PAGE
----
Ongoing problems with parking at Church Point will be investigated in a “Parking Demand Strategy Review” for the area, voted on by councillors on Tuesday night. The review, with approximately $200,000 funding, will probably take place in the 2023/24 financial year and take about 12 months to complete.

Council staff said in the motion that construction of the new Church Point carpark in 2017 had increased parking by 120 spaces, yet both onshore and residents had been a concern for many years, “with demand exceeding the number of available parking spaces”. 

However, Scotland Island Residents Association president Bill Gye, addressing the meeting earlier, said the total number of parking spaces at Church Point was now 456, compared to 545 in 1970, while the population had grown. He called for residents to be consulted on establishing the terms of reference for the study.

Jennifer Knox, of the West Pittwater Community Association, agreed that Church Point had lost parking and offered her conditional support to the review, ”subject to the inclusion of local stakeholders”.

“It’s really important that council provide a resident focused framework,” Ms Knox told the meeting. Residents have to come before profits.”   

She called for a demand management strategy for the Pasadena restaurant and hotel, which included use of a shuttle bus. 

The original motion also stated that: “The review scope will need to be wide ranging and take into account broad geographical constraints of parking options and the access points used by the offshore communities for parking, goods delivery and connection with public transport services in the areas where all weather wharf access is available.”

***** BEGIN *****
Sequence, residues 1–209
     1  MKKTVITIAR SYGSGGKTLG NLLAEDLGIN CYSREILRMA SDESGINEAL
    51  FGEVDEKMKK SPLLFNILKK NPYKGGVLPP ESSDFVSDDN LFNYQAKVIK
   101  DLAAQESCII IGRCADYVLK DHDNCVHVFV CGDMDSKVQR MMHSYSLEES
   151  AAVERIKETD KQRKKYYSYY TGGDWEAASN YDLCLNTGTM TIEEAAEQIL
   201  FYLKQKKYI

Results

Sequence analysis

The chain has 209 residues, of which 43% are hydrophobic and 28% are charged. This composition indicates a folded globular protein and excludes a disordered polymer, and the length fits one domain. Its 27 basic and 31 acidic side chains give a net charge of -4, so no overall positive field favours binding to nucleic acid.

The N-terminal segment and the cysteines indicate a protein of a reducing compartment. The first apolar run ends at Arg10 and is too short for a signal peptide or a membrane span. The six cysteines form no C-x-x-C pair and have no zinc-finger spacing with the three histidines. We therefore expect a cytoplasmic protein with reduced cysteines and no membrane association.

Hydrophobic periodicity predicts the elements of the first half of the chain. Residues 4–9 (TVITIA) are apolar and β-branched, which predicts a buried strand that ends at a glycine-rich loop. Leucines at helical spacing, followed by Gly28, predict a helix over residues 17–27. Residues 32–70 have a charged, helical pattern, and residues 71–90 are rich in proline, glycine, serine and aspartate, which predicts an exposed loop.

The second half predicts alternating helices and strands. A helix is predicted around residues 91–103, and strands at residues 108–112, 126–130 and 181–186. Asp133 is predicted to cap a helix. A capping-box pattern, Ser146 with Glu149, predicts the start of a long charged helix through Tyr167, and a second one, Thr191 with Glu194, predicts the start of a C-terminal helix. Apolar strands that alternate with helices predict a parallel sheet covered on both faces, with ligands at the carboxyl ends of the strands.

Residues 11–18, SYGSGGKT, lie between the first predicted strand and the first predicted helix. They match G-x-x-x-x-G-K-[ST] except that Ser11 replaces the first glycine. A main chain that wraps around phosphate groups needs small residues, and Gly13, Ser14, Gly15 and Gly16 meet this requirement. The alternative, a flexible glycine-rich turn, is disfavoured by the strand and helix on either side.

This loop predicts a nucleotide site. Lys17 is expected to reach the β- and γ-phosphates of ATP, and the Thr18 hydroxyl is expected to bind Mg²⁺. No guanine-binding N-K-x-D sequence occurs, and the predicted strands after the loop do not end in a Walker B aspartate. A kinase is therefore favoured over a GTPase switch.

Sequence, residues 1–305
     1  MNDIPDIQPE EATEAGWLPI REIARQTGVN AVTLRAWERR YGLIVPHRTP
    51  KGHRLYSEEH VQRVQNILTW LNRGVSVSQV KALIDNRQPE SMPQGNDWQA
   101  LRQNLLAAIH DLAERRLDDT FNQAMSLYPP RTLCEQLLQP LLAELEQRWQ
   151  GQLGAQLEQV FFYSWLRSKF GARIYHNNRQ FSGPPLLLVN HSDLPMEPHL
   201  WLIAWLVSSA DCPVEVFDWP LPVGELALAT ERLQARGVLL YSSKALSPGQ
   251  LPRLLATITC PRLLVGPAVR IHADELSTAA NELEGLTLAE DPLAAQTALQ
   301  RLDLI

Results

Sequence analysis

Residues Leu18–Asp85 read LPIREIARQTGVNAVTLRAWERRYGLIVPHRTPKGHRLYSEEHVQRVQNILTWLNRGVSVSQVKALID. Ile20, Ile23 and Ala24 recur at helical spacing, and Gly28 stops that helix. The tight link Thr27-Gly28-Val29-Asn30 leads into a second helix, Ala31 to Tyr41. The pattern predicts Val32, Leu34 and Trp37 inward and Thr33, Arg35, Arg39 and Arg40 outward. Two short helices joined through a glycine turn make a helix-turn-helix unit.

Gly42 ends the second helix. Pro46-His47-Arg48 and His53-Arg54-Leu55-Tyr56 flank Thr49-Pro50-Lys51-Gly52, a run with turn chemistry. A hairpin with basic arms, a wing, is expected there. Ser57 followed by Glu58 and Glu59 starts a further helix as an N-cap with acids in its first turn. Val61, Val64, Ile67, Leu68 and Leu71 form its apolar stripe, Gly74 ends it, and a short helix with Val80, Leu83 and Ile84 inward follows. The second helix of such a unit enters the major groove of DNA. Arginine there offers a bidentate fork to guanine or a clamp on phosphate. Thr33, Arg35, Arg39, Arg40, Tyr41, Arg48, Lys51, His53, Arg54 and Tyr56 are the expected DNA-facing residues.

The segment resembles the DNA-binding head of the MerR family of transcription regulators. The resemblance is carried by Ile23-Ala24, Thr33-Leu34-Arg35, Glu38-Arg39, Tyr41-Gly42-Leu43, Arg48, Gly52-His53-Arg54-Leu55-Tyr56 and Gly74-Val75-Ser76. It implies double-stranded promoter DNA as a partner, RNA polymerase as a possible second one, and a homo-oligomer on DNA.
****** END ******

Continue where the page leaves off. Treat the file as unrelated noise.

Mr Amon successfully moved an amendment that council staff consult with stakeholders on development of the Terms of Reference.

I proposed that the review consider providing reserved parking spaces for essential workers such as nurses who do shift work, at a reduced cost, so that they can always find a spot when returning home, whatever the time. 

The outcome is likely to be affected by the rebuilding of the Church Point commuter wharf.

Avalon Community Library Funding
Avalon Community Library will receive $65,000 in funding during 2022-23 following a vote at Tuesday’s meeting. That compares to $24,000 for Seaforth Community Library; $26,000 for Terrey Hills Community Library; and $2,000 for the Booklovers Club Northern Beaches (see 

Funding for these libraries was reduced during Covid, and has now been returned to the pre-Covid level. However, I noted at the meeting that this will effectively be a cut in real terms to resources, given the rising level of inflation, expected to reach 7 per cent by late 2022. I hope this will be taken into account for next year’s allocations.

(Council-run library funding is included in NBC’s annual Operational Plan and Budget.)